by Magnus Marsden
While conducting research for the TRODITIES project in China, Afghanistan, the UAE, Saudi Arabia and Ukraine I regularly meet traders from Afghanistan who talk about their willingness to do business in the UK. During my last visit to Yiwu (January 2018) there appeared indeed to be a discernible trend among the 100 or so traders of Afghan background with whom I am in contact in the city of seeking out potential business partners in the UK. Most such business arrangements involve an Afghan trader based in Yiwu facilitating the supply of Chinese-made commodities to a compatriot based in the UK. The Yiwu-based traders’ knowledge of Chinese, ownership of a registered company in China, and established relations with the purveyors of commodities based in Yiwu’s Futian market and sometimes also with factory owners across China, help to ensure that UK-based merchants can keep their costs as low as possible. UK-based Afghans involved in the import of Chinese commodities to the UK mostly deal souvenirs, cloth, bags, cosmetics, decorative items such as mirrors, ornaments and plastic flowers, and shoes.
In other British cities, Afghans are said to not merely have occupied recently vacated economic niches but rather established new wholesale markets tout court. I am told that the wholesale market and warehouse complex at Charles House in London’s Southall neighbourhood was established approximately ten years previously by merchants who largely originate from Afghanistan. The traders operating in Charles House deal in a range of commodities that are imported from China, most especially decorations and mobile phones/accessories; their clients include shopkeepers and market-stall holders of a variety of ethnic and religious backgrounds. A man from the western Afghan city of Herat who runs a mobile café told me however that amongst the market’s most numerous clients are Afghans who own shops and stalls across London and the south of England: ‘they always stop by here to have a chat and some homeland food (naan watani) to eat, like my famous shornakhot (chickpea snack): it’s a story (hawasana)’, he told me.
Most of the traders involved in such forms of commercial activity in the UK arrived in the country as refugees in the 1990s. A bloody civil war raged in Afghanistan through much of the 1990s, culminating in the rise to power of the Taliban in Kabul in 1995. Many of these individuals and their families only reached the UK after prolonged stays elsewhere, most often in the countries of the former Soviet Union. Traders from Afghanistan had come to play a major role in the import of Chinese commodities to the former Soviet countries during the early 1990s. As conditions for foreigners worsened across the former USSR during the 1990 due to rising levels of racism, Afghans increasingly sold their hard-earned businesses to a new wave of refugees fleeing first from the Taliban government and in later years the conflict between the Taliban and NATO forces. These -twice-exiles relocated to countries in Western Europe, especially the Netherlands, Germany and the UK. Having been involved in the import of Chinese commodities to the former USSR, a handful immediately became involved in the same activity between China and the UK.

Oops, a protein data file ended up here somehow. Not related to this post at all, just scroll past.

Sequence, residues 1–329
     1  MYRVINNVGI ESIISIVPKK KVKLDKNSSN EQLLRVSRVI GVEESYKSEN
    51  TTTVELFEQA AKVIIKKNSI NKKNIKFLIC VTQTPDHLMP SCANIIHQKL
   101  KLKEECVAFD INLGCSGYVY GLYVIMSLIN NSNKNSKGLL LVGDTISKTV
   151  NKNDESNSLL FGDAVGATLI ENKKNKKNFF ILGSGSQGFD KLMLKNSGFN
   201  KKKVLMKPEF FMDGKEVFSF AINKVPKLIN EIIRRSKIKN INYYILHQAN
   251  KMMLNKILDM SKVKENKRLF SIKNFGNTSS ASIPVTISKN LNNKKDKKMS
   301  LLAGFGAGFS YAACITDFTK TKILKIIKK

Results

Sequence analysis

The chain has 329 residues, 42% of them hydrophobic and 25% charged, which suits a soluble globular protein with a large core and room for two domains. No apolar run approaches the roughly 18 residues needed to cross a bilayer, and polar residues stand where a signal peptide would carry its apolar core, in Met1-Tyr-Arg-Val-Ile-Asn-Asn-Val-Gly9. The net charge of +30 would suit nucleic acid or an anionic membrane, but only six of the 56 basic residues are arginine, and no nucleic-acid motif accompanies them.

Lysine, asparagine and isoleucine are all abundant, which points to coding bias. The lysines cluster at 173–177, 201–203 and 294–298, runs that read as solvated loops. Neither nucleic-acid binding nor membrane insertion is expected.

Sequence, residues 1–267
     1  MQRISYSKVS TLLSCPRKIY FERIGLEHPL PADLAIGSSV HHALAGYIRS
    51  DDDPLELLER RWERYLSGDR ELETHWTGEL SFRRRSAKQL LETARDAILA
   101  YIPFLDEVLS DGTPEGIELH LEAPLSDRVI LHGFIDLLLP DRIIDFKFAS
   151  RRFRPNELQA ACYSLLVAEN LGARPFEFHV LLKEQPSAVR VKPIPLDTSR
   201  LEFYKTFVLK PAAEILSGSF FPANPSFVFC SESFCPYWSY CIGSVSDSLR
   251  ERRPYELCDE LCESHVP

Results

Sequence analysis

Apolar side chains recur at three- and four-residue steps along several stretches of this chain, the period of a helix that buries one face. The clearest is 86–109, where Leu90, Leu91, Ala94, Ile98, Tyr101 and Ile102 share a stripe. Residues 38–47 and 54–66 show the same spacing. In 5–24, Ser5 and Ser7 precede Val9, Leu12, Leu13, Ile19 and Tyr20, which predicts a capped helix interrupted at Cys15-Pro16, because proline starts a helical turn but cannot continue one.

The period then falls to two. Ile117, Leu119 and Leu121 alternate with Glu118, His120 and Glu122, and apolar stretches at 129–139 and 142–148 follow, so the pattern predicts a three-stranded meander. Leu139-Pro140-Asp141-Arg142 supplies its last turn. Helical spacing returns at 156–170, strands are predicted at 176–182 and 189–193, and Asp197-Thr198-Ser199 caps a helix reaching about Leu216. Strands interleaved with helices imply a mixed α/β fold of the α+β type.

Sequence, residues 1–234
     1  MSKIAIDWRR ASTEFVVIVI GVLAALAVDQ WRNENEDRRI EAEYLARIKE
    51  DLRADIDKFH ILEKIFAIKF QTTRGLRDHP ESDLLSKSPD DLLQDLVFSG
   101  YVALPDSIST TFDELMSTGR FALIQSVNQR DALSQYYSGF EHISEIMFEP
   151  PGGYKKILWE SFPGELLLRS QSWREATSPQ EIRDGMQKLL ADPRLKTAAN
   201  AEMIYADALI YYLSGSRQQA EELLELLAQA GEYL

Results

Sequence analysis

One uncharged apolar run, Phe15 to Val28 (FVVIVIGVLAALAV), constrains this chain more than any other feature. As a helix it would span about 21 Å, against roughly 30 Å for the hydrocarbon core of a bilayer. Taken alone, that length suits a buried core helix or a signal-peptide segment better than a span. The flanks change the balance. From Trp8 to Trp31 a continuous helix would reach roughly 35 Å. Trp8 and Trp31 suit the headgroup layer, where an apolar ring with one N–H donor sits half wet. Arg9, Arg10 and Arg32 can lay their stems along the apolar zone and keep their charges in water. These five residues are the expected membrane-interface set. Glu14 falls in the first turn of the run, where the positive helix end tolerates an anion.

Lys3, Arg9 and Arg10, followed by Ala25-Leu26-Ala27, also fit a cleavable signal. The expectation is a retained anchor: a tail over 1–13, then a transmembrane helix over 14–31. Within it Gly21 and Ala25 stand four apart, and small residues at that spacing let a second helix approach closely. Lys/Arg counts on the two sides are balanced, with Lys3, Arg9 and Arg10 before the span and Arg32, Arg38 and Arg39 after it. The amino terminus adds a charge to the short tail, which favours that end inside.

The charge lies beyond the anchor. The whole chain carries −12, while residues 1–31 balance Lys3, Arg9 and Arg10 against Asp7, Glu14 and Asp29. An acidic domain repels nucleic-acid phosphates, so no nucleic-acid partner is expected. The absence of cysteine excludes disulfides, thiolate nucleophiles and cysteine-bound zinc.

Many Afghans who had settled in the UK did not have access to the levels of capital necessary to start an import business. Instead, they initially earned a living driving taxis, and/or working in and later establishing fast food restaurants. Of those who embarked on such business activities, some used their savings to enter the trade in imported Chinese commodities. Those who were successful often benefitted from their connections to established traders from Afghanistan in Yiwu: such traders offered loans and goods on credit to compatriot traders from the UK or mediated business deals between such folk and Chinese shopkeepers. Of course, not all were successful: stories circulate of traders who bought entire containers of a single commodity (e.g. plastic flowers) only to find out in the UK that it was next to impossible to sell such a quantity of the same good. ‘It’s one thing to buy’, traders often remark, ‘buy you also need to know how to sell’. Indeed, during a visit to Yiwu in 2018 one man told me that he had come to the city in order to purchase bags for a stall he owns at a London street market. Only having access to limited capital, however, he could not buy the bags in sufficient quantities to ensure low prices from Chinese sellers. Moreover, he didn’t have a license to import goods into the UK, meaning that he had to work with an Afghan trader based in Manchester who did, thus raising his costs further. ‘The wholesaler from whom I buy bags in London told me I’d make a loss (tawon) in China: he was right, I should never have come here’.